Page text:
Cerebral venous sinus thrombosis associated with SARS-CoV-2; a multinational case series

Ashkan Mowla, Banafsheh Shakibajahromi, Shima Shahjouei, Afshin Borhani-Haghighi, Nasrin Rahimian, Humain Baharvahdat, Soheil Naderi, Fariborz Khorvash, Davar Altafi, Seyed Amir Ebrahimzadeh, Ghasem Farahmand, Alaleh Vaghefi Far, Vijay K. Sharma, Saeideh Aghayari Sheikh Neshin, Georgios Tsivgoulis, Ramin Zand

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59 Scopus citations

Abstract

Background: SARS-CoV-2 induced coagulopathy can lead to thrombotic complications such as stroke. Cerebral venous sinus thrombosis (CVST) is a less common type of stroke which might be triggered by COVID-19. We present a series of CVST cases with SARS-CoV-2 infection. Methods: In a multinational retrospective study, we collected all cases of CVST in SARS-CoV-2 infected patients admitted to nine tertiary stroke centers from the beginning of the pandemic to June 30th, 2020. We compared the demographics, clinical and radiological characteristics, risk factors, and outcome of these patients with a control group of non-SARS-CoV-2 infected CVST patients in the same seasonal period of the years 2012–2016 from the country where the majority of cases were recruited. Results: A total of 13 patients fulfilled the inclusion criteria (62% women, mean age 50.9 ± 11.2 years). Six patients were discharged with good outcomes (mRS ≤ 2) and three patients died in hospital. Compared to the control group, the SARS-CoV-2 infected patients were significantly older (50.9 versus 36.7 years, p < 0.001), had a lower rate of identified CVST risk factors (23.1% versus 84.2%, p < 0.001), had more frequent cortical vein involvement (38.5% versus 10.5%, p: 0.025), and a non-significant higher rate of in-hospital mortality (23.1% versus 5.3%, p: 0.073). Conclusion: CVST should be considered as potential comorbidity in SARS-CoV-2 infected patients presenting with neurological symptoms. Our data suggest that compared to non-SARS-CoV-2 infected patients, CVST occurs in older patients, with lower rates of known CVST risk factors and might lead to a poorer outcome in the SARS-CoV-2 infected group.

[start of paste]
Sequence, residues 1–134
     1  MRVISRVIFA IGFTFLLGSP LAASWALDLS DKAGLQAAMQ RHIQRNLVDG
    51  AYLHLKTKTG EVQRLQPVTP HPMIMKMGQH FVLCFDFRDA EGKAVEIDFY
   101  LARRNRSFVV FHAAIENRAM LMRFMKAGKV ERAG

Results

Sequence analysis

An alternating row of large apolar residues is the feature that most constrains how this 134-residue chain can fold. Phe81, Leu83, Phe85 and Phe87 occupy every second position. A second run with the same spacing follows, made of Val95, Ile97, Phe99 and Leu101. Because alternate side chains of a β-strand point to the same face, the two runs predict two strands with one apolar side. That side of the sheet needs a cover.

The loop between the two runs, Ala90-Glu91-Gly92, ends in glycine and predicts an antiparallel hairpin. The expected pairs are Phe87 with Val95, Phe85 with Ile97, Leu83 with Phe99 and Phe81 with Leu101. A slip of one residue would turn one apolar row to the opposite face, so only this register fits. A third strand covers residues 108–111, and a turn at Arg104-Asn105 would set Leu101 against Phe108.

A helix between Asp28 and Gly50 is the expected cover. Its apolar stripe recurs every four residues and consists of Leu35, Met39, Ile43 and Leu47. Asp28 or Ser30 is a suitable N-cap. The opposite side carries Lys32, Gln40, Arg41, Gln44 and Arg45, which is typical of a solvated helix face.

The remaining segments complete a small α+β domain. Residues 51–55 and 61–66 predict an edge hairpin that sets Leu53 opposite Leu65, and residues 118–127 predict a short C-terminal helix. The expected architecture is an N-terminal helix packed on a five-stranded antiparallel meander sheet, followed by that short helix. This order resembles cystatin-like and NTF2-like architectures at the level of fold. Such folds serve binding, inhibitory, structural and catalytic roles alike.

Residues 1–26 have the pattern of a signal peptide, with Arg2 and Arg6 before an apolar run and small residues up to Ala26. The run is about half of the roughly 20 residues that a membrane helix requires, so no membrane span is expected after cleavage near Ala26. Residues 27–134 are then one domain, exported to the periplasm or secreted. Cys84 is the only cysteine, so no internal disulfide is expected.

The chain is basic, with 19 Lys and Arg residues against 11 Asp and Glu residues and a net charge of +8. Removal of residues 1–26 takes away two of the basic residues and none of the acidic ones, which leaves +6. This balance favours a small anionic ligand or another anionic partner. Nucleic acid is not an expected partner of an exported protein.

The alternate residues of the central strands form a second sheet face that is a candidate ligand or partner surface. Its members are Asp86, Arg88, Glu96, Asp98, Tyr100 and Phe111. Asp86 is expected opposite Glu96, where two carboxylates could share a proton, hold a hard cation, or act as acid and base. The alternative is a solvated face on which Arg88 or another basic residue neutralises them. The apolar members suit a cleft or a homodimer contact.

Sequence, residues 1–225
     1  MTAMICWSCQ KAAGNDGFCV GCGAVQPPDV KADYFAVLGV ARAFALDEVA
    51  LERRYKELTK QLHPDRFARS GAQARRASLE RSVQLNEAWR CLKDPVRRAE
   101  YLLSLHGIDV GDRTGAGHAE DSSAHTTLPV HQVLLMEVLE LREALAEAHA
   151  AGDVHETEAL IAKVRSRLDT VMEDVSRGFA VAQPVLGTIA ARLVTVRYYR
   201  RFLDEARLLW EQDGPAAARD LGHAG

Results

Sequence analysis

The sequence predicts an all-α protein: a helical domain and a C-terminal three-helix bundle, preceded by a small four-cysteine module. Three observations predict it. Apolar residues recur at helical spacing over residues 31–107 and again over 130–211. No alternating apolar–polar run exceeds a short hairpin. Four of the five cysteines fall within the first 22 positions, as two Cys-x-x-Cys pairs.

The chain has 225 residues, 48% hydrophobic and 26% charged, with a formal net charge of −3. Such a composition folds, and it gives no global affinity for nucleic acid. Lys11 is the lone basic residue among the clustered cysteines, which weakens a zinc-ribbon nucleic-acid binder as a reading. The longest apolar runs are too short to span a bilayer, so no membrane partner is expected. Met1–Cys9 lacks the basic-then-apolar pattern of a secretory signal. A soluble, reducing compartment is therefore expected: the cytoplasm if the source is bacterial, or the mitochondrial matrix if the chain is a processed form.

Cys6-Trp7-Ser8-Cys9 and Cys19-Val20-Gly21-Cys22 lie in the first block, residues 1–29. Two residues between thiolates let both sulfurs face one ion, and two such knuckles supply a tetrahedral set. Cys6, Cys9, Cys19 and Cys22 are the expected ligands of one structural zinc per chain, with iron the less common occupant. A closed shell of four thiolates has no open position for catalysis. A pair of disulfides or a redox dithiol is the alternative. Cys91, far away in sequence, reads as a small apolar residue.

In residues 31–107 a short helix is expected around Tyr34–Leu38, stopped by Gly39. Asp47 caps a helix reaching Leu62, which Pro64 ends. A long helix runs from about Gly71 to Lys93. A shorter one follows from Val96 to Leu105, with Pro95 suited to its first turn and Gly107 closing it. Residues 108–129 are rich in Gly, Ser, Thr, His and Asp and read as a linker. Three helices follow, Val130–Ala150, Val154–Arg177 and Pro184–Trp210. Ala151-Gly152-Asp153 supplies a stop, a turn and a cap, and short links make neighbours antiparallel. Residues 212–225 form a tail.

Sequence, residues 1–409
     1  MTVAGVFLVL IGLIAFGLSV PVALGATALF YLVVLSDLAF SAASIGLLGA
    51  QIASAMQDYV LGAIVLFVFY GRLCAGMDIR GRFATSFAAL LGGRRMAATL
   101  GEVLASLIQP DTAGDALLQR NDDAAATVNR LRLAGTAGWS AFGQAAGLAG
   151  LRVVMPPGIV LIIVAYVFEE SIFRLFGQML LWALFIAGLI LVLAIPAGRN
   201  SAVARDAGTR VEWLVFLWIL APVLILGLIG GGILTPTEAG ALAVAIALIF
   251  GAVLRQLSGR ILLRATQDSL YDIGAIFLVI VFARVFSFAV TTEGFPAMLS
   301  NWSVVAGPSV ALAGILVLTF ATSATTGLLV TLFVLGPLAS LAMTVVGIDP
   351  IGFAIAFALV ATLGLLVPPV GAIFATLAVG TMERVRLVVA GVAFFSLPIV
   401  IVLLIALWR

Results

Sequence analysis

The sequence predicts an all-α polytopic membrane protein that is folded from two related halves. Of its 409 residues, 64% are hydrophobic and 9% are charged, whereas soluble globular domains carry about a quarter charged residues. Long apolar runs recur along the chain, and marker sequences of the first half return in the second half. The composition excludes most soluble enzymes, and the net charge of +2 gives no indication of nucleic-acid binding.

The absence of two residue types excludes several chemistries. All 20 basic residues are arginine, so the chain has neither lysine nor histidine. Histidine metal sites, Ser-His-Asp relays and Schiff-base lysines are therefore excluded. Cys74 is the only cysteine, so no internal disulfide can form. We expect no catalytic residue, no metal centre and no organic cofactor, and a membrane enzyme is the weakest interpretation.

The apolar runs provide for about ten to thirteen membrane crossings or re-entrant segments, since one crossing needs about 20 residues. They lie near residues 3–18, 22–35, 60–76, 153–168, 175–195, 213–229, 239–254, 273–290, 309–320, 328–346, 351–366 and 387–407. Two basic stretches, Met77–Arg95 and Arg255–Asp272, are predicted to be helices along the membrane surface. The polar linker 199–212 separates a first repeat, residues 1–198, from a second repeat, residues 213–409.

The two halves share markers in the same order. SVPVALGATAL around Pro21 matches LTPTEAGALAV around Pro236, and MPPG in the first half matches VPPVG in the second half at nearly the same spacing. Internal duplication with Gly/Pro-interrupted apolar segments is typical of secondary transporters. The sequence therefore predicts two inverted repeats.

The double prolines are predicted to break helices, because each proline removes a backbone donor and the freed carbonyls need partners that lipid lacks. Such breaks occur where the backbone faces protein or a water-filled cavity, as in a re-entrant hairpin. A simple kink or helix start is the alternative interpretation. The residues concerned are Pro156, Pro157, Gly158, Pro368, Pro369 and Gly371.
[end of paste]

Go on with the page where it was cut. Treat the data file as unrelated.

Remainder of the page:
Original languageEnglish (US)
Article number117183
JournalJournal of the neurological sciences
Volume419
DOIs
StatePublished - Dec 15 2020

All Science Journal Classification (ASJC) codes

  • Neurology
  • Clinical Neurology

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